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Irresistable: Service Masks, Goldwater-Nichols, and Overcoming Service Barriers to JFACC

Descriptive Note:

Technical Report,10 Aug 2015,10 Jun 2016

Corporate Author:

US Army Command and General Staff College Fort Leavenworth United States

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For the U.S. Air Force, control of all airpower was not just a service imperative, but it is raison detre. For the U.S. Navy, sister service control of carrier aviation was not only a direct threat to the Navys ability to execute its mission from the tactical to the strategic levels of war, it was a threat to its stature as a service. These two viewpoints conjure the analogy of an irresistible force meeting an immovable object. In order to establish a Joint Forces Air Component Commander JFACC, U.S. Navy and U.S. Air Force cultural, doctrinal, technological, and threat barriers to integration had to be overcome. The Goldwater-Nichols Department of Defense Reorganization Act of 1986 set the conditions for the confluence of events that overcame these barriers and allowed for the creation of a true JFACC. This thesis examines three lines of effort the enduring masks of the services, the origins and limitations of airpower, and the effects of Goldwater-Nichols in incentivizing the expression of service masks to jointness while overcoming the service barriers to establishing a JFACC. From this legislation, American joint utilization of airpower emerged as an integrated, fighting force capable of holding at risk nearly any target, anyplace and anytime for the duration required to meet the commanders objective.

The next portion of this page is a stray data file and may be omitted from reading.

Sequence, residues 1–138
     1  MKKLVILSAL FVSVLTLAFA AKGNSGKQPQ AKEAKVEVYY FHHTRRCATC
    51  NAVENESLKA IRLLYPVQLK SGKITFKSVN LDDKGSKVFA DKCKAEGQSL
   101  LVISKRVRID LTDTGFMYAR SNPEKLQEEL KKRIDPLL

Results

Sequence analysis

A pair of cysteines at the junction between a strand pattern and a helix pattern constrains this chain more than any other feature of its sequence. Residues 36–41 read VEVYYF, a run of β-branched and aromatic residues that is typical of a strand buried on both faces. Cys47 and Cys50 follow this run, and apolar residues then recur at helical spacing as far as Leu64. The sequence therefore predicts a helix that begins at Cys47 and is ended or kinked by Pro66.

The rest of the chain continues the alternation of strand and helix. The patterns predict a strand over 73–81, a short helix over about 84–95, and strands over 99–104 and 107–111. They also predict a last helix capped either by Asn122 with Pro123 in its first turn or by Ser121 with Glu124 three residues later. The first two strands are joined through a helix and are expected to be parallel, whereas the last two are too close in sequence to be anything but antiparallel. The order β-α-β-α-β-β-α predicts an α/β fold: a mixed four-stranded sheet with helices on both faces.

Subject Categories:

  • Military Aircraft Operations
  • Military Forces and Organizations

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